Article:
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Dixon v. Oleachea

United States District Court, E.D. California

May 3, 2018

D. OLEACHEA, et al., Defendants.



         I. Background

         Plaintiff is a state prisoner incarcerated at California State Prison Corcoran, under the authority of the California Department of Corrections and Rehabilitation (CDCR), proceeding pro se with a First Amended Complaint (FAC) filed pursuant to 42 U.S.C. § 1983. Plaintiff paid the filing fee. By order filed June 29, 2016, this court screened plaintiff's original complaint pursuant to 28 U.S.C. § 1915A, and gave plaintiff the choice of proceeding on his original complaint against defendants Oleachea, Sandoval and Hall (but not defendants Lieber or Virga), or filing a FAC in an attempt to add an additional claim against defendant Oleachea. See ECF No. 8. Plaintiff chose the latter option. The court now screens the FAC pursuant to 28 U.S.C. § 1915A. For the reasons set forth below, the court orders service of the FAC on defendants Oleachea, Sandoval and Hall, and recommends the dismissal of defendants Lieber and Hall.

         II. Screening of First Amended Complaint (FAC)

         A. Legal Standards

         The court is required to screen complaints brought by prisoners seeking relief against a governmental entity or officer or employee of a governmental entity. See 28 U.S.C. § 1915A(a). The court must dismiss a complaint or portion thereof if the prisoner has raised claims that are legally “frivolous or malicious, ” fail to state a claim upon which relief may be granted, or seek monetary relief from a defendant who is immune from such relief. Id., § 1915A(b)(1), (2).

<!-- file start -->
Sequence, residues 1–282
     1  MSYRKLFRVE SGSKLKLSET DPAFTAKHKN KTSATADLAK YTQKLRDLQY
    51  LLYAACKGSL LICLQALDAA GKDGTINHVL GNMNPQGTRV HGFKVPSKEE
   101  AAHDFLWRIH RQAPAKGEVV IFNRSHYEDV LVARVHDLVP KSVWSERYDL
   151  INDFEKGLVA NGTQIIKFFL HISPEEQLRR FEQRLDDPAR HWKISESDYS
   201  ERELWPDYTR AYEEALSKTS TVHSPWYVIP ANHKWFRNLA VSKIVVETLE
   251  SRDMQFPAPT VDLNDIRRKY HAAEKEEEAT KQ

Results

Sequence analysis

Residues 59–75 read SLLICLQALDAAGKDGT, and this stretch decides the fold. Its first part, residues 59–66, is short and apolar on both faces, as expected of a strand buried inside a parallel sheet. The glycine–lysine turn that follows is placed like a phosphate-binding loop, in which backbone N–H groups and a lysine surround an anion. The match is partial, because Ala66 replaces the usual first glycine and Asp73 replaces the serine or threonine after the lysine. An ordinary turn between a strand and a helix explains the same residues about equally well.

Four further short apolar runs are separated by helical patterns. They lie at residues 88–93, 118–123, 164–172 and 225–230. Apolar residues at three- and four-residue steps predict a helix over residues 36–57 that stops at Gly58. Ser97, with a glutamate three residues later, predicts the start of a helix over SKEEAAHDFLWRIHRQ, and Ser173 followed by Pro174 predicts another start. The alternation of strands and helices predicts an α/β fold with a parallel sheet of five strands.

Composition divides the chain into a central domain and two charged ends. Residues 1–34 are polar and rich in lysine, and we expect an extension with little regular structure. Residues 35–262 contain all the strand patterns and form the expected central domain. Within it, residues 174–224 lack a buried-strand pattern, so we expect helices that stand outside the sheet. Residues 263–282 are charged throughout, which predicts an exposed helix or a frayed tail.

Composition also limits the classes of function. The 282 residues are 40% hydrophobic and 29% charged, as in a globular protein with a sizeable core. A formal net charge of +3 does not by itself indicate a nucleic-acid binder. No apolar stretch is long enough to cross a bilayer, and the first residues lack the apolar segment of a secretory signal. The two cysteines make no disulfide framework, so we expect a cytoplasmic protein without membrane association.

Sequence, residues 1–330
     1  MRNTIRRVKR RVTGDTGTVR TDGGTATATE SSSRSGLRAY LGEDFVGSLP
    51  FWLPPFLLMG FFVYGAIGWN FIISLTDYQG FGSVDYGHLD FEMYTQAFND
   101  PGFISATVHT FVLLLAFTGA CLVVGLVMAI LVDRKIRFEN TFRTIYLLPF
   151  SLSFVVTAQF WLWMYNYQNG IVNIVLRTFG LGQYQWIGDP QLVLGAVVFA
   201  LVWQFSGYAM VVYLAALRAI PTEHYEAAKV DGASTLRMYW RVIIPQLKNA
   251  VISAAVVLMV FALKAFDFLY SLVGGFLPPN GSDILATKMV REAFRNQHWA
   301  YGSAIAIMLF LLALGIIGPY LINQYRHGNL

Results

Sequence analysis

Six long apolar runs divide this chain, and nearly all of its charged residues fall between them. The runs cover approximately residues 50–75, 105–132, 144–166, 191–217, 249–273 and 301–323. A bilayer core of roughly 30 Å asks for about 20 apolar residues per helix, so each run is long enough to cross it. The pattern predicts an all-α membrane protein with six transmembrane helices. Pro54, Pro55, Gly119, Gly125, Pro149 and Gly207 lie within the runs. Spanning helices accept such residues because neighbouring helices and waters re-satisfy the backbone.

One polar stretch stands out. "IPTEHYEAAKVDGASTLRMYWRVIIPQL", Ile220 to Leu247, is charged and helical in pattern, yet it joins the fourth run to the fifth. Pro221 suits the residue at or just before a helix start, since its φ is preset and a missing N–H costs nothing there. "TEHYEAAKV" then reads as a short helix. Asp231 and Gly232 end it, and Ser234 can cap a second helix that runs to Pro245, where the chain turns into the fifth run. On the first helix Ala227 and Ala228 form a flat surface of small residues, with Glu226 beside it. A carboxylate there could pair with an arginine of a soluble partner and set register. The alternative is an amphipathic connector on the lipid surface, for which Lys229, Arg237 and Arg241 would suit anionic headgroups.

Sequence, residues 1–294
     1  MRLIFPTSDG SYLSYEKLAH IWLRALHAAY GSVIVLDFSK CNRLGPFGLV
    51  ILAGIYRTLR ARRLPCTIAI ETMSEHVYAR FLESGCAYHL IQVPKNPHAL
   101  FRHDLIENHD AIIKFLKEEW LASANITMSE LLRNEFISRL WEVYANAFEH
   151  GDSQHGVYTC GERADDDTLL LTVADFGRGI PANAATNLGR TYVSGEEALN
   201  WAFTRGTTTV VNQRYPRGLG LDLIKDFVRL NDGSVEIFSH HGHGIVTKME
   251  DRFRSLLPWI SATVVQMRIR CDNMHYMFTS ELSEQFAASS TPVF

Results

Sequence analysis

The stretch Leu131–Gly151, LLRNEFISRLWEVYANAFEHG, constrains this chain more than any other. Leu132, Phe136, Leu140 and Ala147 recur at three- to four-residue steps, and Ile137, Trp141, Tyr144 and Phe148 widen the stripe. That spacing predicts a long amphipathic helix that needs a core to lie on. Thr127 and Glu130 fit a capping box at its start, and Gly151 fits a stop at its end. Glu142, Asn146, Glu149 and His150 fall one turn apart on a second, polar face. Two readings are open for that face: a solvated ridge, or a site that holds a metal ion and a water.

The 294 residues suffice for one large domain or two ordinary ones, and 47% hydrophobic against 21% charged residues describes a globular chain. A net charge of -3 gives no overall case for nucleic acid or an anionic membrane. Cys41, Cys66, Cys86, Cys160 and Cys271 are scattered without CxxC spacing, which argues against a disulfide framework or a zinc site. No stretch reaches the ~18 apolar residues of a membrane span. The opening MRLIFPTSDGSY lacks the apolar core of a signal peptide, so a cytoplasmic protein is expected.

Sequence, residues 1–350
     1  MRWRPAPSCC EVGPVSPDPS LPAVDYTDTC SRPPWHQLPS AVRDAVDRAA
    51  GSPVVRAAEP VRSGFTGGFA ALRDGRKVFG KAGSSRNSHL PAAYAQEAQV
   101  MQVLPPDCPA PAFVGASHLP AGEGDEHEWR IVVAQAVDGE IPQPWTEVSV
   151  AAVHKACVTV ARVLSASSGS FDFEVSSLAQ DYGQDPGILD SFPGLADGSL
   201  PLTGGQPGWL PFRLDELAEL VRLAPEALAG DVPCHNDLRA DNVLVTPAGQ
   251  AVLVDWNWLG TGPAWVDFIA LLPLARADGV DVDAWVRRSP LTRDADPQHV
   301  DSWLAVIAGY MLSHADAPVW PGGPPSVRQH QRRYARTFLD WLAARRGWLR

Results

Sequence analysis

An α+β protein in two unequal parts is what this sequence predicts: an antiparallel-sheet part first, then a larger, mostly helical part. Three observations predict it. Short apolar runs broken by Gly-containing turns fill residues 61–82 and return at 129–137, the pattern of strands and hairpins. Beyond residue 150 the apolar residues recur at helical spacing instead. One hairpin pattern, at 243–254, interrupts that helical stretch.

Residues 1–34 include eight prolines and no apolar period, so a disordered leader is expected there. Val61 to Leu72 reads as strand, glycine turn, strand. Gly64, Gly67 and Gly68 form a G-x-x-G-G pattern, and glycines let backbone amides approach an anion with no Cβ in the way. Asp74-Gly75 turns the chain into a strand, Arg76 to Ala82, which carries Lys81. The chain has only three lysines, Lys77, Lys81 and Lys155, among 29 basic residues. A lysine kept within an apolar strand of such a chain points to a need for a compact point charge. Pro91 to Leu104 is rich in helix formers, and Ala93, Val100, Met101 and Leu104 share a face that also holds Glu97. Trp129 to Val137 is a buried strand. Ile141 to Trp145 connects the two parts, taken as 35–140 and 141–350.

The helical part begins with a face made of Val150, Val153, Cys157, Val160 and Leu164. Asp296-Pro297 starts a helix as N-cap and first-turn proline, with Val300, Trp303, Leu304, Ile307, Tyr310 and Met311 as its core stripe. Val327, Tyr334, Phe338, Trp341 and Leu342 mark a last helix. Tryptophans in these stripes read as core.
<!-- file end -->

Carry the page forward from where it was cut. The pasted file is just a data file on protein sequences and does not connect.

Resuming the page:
B. Plaintiff's Allegations

         The FAC repeats the essential allegations of the original complaint, challenging conditions of plaintiff's prior confinement at California State Prison Sacramento (CSP-SAC), and adding allegations specific to plaintiff's retaliation claim against defendant Oleachea. In light of these similarities, the court repeats its prior summary of plaintiff's principal allegations, see ECF No. 8 at 3-5:

Plaintiff's allegations focus on the challenged conduct of defendant D. Oleachea, a CSP-SAC correctional officer (CO). On February 6, 2011, plaintiff was visiting with his wife in the prison visiting area. After about 45 minutes, plaintiff was called to the podium and directed to the strip out area, where he was searched. The search was triggered by a report from defendant Oleachea, who was operating the surveillance camera that scanned the visiting room, that plaintiff appeared to take and/or hold a $20 bill in his hand. The search of plaintiff failed to reveal any money or other contraband. Nevertheless, plaintiff's visit was terminated and he was issued a Rules Violation Report (RVR) (Log No. B-11-02-013), alleging “Possession of Contraband (Money).” See ECF No. 1 at 16.1 Plaintiff wrote a letter of complaint to defendant D. Lieber (“the Chief Disciplinary Officer and Associate Warden in charge of reviewing all administrative appeals, ” see Complaint (Cmplt.), ECF No. 1 at 2, ¶ 4), who allegedly never responded. Plaintiff was found “Not Guilty” at the subsequent disciplinary hearing held March 7, 2011